Sarkozy, British Prime Minister Gordon Brown and European Commission President Jose Manuel Barroso emerged with praise for the meeting as a sign of historic cooperation.
Canadian Prime Minister Stephen Harper said after the summit that "despite the great diversity of countries in the room for those two days of the summit, there was a practically unanimous agreement on all major topics."
Bush, though, is on his way out of office and the leaders were clearly looking beyond him to his successor. Many met on the sidelines of the summit with Obama's surrogates, former Secretary of State Madeleine Albright and former Republican Rep. Jim Leach of Iowa, while speculating about whether the Democratic president-elect might veer from Bush's approach by the time of the next summit.
Still, Bush made sure he kept an iron grip on the proceedings. His was the only voice heard in any official setting — during the toast at Friday's dinner and before and after the closed summit meetings. All the other leaders had to scramble to set up briefings or news conferences at alternative sites in order to express their thoughts.
The inclusion of the developing nations was demanded by Bush, in part in hopes they would act as a brake on European desires for tough new regulations of financial firms or products. But the decision also was hailed as necessary to the effectiveness of such a meeting, because the financial crisis that began in the U.S. had spread to the poorer nations.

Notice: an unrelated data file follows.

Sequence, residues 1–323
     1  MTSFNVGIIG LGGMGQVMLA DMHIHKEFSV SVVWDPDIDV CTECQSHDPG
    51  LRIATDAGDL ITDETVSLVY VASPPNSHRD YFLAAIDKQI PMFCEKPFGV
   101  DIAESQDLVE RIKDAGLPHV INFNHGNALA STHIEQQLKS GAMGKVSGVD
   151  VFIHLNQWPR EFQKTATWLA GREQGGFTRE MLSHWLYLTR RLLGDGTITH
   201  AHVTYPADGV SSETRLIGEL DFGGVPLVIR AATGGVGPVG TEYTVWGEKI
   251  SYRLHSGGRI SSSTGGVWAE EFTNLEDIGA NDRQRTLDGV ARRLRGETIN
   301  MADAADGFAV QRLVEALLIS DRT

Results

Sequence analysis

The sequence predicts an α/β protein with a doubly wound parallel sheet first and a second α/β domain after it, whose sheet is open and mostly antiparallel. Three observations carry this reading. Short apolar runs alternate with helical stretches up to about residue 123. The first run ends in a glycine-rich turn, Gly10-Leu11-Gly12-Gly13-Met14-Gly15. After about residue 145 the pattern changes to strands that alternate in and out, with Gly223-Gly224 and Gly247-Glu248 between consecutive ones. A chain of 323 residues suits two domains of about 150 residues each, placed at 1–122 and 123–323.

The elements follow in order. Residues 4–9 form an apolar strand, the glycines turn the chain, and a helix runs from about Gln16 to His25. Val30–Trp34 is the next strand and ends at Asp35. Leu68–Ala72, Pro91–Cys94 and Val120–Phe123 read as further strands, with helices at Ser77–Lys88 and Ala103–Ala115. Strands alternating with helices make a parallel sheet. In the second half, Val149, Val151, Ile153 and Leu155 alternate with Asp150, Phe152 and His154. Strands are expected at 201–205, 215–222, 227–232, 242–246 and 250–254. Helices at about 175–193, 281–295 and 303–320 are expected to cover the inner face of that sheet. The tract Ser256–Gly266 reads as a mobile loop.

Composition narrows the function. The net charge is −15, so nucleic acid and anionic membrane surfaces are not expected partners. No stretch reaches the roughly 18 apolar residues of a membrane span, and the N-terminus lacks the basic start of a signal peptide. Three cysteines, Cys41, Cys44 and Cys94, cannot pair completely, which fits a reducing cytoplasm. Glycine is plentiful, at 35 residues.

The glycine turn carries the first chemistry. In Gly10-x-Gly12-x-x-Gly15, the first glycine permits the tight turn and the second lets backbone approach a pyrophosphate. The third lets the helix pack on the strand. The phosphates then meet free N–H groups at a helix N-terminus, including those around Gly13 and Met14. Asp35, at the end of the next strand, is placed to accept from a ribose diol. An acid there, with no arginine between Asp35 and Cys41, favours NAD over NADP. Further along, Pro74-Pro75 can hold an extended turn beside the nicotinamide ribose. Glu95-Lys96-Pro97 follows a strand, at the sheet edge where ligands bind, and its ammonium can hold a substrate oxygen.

Indeed, one goal of the meeting was to boost the effort to help such struggling nations weather the financial crisis largely caused by their bigger, more developed counterparts. Japan's prime minister, Taro Aso, urged China and others to contribute to the International Monetary Fund's $250 billion bailout pool, aimed mostly at poorer countries. Japan on Friday said it was ready to put in as much as $100 billion.
Talk of blame was kept to a minimum, though many still hold the belief that the primary fault for the cascade of ruinous events lies with a U.S., where it has become the norm to offer easy credit, outsize rewards for high-risk investing, and lax oversight to the whole process.
Associated Press writers Jeannine Aversa, Martin Crutsinger, Emma Vandore, Michael Fischer, David Stringer and Deb Riechmann contributed to this report.